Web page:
Here somes summer, and the oysters of Arcachon are off the menu again. I forget why...it will either be poisonous algae or poisonous effluent, but at least down there it won't be radioactivity.
Still, there are plenty of other alternatives, as long as you keep an eye on your map of leaky coastal nuclear power stations while you are making your choice. Pretty safe with Cancale and Belen, nice round traditional oysters from Brittany, and anything down the Vendee coast., though these are the craggy Portugese oyster......just keep clear of Normandy's offerings with the Cap la Hogue power station dribbling goodness knows what into the waters. I wonder if President Sarkozy will be offering President Obama Normandy oysters when they meet for the D Day commemoration, or whether the U.S. secret service will veto the suspect offerings?
I used to enjoy oysters when in the U.K., though the price of Colchester natives even then would make your hair curl if you bought them in Wheelers. I used to buy them from the oyster stall on Mersea Island in those far off days when a cheesecloth blouse on a young woman in summer would bring about a fit of absentmindedness on the part of the chap selling his wares when it came to counting the oysters he was handing over. These days I expect you could strip down to your Agent Provocateur knickers without any effect on the price or weight.
Initially, France put me off the oyster. It was the fault of the fruit de mer, that stomach turning plateau of cooked shellfish of uncertain age and origin combined with living things in shells awaiting their fate at the hat pin provided for each customer. Having noted that the incidence of food poisoning went up when the local supermarket reduced its intake of shellfish from twice to once a week, I went off shellfish in a big way.
My repugnance was not overcome by the French New Year thrash....the Sylvester. Oysters are obligatory at these events which are great in every other way and French hospitals cancel all staff leave in order to be ready for the rush of the 'oyster knife through the palm of the hand' injuries , resulting from opening oysters at speed while having drink taken. I wondered whether it was because the craggy Portugese oyster was more difficult to open than the horseshoe type, but I have come to the conclusion that is probably the amount of 'drink taken' that is the deciding factor.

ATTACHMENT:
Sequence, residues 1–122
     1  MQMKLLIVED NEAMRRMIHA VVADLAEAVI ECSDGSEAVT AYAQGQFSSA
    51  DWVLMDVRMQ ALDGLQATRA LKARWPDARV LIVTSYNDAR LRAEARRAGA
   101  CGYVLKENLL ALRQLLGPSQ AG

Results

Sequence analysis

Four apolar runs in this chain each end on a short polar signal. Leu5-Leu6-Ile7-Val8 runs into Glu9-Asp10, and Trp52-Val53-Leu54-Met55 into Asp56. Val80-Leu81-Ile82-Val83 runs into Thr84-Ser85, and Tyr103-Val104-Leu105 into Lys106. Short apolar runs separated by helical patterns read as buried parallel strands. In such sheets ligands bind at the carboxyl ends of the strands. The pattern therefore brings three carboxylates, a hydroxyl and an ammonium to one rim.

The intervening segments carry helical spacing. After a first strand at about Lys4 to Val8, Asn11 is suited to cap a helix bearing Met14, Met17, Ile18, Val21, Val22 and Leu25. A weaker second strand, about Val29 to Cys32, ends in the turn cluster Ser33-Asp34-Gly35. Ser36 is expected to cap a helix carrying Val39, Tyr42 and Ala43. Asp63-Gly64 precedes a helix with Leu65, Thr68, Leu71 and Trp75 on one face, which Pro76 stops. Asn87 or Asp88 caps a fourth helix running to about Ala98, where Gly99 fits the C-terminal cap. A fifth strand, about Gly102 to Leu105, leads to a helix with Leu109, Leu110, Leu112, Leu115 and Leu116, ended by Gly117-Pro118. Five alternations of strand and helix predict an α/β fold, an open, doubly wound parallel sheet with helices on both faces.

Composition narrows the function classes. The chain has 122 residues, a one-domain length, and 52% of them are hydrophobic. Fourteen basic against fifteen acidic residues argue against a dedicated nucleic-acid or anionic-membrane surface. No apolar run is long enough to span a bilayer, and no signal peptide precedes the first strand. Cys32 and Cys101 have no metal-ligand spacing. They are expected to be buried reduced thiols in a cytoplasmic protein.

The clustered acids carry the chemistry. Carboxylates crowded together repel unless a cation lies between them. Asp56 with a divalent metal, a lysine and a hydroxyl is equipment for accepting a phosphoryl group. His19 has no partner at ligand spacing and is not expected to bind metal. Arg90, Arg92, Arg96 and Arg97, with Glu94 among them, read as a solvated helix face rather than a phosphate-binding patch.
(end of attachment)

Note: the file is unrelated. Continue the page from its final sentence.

Then the family came down for the summer and went to the seaside for the day, to a resort they used to go to when the children were young, returning with a basket of craggy oysters. We sat outside at the wooden table perched precariously on the slope under the trees and ate them with relish...they were plump, juicy and a far cry from the miserable specimens of the winter months. I was reconverted to oysters!
It made me think...at New Year the shops and stalls are awash with panniers of oysters, collected especially for the winter festivities...it is the major selling point of the year. How long have these oysters been sitting about in the viviers, or holding tanks, let alone in transport and stacked up in the loading bays of the supermarket delivery systems? An ex neighbour of mine, a retired Paris bus driver of a careful turn of mind, told me that when he buys oysters for the New Year he insists that the panniers are opened in front of him and that he tries the contents. He had been disappointed too often before starting this practice.
'They don't like it, but, damn it, it's my money I'm spending!'
I wonder, too, if, as well as the freshness factor, the feeding is better in the summer months. A friend goes down to the islands off the Atlantic coast in the summer and comes back laden with buckets of wild oysters which he distributes lavishly...they are a real treat, but even the shop bought oyster is now firmly back on my summer menu, whether it is clear, milky, or, in the case of the oysters from Marennes, green! And I don't have to wonder if there is an 'r' in the month. It doesn't matter!